Coding interviews are straightforward exercises in fundamental computer science topics. Focus on algorithms and problem-solving, supplemented with appropriate use and general knowledge of data structures. You should be able to reason about how your code will work in terms of resource usage, speed and efficiency, reliability, and computational complexity. Remember to do the following in the interview: Ask questions about the problem - make sure you fully understand the requirements and expectations. 

    A couple of representative examples of coding problems are the clock hands and is scrambled palindrome problems detailed below

    • Clock hands

    Write a function that returns the acute angle between two clock hands, with two integers for the number of hours and number of minutes.
    E.g. For 3:00, the acute angle would be 90°. For 6:00, it would be 180°.

    • Is Scrambled Palindrome

    Write a function that, given a string of letters, returns true or false for whether the letters in the string could be arranged to form a palindrome.
    E.g. For “torro”, the answer is True, because the letters can be rearranged to spell “rotor”.

    Architecture interviews focus on your ability to dig in and understand requirements from an ambiguous problem description and utilize modern tools to design a solution. You should expect to demonstrate the following two skills:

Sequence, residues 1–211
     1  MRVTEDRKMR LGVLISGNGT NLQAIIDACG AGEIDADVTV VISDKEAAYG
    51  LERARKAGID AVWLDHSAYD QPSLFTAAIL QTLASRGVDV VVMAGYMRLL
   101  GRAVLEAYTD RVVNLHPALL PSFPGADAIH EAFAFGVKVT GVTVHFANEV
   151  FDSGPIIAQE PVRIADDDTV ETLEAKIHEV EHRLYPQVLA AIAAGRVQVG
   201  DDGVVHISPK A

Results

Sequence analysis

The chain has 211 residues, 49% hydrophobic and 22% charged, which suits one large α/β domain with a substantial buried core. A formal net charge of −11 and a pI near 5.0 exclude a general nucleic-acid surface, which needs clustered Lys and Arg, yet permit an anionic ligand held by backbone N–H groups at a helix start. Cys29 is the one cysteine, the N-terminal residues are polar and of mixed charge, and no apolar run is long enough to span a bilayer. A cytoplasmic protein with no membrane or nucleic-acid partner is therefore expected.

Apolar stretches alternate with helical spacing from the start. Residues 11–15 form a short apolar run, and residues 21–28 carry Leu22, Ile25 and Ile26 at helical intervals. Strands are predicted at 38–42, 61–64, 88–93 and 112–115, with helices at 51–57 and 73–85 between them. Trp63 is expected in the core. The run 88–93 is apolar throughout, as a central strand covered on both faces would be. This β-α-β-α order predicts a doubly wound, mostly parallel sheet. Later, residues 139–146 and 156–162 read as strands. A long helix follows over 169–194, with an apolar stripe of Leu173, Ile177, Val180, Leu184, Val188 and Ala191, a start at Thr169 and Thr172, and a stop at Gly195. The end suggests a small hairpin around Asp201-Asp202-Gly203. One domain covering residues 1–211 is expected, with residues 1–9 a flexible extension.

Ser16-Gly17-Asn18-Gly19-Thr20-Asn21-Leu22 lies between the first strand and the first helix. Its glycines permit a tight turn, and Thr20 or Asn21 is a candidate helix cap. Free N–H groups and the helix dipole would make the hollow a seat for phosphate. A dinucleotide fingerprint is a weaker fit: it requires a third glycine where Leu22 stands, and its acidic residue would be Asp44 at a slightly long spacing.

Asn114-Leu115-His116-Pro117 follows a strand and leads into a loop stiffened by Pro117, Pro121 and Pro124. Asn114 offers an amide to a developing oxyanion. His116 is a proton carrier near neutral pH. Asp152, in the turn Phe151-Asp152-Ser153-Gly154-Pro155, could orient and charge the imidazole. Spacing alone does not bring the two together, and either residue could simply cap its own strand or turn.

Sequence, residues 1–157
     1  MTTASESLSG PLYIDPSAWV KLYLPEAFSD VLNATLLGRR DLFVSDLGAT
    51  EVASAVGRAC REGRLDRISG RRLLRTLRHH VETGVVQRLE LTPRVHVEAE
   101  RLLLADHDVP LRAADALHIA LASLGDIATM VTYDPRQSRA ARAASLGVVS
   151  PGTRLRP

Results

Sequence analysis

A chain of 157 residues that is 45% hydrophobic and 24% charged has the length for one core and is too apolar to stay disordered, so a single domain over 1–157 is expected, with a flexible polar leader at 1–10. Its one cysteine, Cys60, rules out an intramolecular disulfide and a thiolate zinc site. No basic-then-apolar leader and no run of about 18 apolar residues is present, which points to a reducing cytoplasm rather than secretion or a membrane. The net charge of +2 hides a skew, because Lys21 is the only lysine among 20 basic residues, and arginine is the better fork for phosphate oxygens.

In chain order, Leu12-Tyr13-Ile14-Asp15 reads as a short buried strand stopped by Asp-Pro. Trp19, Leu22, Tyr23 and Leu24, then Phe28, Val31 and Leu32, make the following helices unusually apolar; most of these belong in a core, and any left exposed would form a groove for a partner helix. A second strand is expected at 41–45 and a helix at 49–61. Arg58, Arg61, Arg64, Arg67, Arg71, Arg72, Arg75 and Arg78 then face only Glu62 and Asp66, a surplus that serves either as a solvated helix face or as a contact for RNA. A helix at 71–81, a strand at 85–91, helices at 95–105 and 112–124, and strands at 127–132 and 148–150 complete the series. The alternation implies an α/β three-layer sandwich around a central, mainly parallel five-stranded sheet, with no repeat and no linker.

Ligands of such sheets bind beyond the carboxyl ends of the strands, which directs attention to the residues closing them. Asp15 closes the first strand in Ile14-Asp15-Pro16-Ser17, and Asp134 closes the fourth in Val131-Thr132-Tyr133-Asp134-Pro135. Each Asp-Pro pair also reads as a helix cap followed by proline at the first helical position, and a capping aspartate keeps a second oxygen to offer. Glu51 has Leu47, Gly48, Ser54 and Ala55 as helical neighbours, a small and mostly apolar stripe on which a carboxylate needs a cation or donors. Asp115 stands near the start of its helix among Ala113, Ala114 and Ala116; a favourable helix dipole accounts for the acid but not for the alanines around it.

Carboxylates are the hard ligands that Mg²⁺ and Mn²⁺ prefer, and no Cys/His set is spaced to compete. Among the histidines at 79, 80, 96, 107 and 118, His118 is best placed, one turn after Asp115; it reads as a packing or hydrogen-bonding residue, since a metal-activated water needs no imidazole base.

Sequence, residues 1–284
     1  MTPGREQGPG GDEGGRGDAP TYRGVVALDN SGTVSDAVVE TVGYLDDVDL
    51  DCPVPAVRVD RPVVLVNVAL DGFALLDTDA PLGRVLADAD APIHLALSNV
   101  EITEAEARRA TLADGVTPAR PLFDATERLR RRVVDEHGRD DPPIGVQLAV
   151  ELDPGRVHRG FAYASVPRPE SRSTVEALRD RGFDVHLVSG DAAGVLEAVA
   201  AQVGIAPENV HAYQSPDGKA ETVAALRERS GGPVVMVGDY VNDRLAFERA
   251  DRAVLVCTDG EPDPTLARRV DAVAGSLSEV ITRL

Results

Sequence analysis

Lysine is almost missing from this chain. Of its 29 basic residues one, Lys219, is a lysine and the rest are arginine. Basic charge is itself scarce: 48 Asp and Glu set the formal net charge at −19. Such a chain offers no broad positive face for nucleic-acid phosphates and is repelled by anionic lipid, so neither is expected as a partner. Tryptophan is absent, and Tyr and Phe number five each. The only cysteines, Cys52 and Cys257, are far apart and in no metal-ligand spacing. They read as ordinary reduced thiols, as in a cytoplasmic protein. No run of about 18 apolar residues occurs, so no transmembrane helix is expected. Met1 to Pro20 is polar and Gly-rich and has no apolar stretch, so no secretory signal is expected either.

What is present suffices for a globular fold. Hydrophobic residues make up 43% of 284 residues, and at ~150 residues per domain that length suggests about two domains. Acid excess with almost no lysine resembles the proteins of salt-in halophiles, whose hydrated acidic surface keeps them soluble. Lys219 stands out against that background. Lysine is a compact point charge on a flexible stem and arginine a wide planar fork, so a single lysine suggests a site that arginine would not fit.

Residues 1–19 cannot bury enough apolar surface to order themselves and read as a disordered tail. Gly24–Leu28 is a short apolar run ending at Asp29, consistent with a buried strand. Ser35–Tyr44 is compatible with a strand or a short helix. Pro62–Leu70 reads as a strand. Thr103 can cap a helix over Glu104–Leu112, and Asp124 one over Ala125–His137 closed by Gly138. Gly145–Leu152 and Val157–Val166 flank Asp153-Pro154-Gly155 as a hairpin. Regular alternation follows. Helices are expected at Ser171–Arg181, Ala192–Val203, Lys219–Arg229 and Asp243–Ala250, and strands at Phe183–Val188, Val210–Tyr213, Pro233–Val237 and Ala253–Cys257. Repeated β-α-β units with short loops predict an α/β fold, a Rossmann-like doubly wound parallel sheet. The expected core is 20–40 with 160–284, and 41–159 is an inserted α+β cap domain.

Requirements gathering - ask questions to define the scope of the problem that needs to be solved, starting with the customer; define the use cases and make sure you have a concrete understanding of the problem that must be solved.

    Design - discuss trade-offs with different system design strategies, settle on one, model the data, and describe the logical and physical architecture of the components or services involved. 

    • One example of an architecture question is Design the homepage of the Seattle Times.

    Be ready to discuss successes and setbacks; share stories of how you have had an impact on an organization during the personal qualities interviews. What challenges have you overcome? What have you learned interacting with other teammates or your leaders? How did you learn from a mistake you made? We are looking for gritty, growth-mindset individuals who understand how to collaborate with others.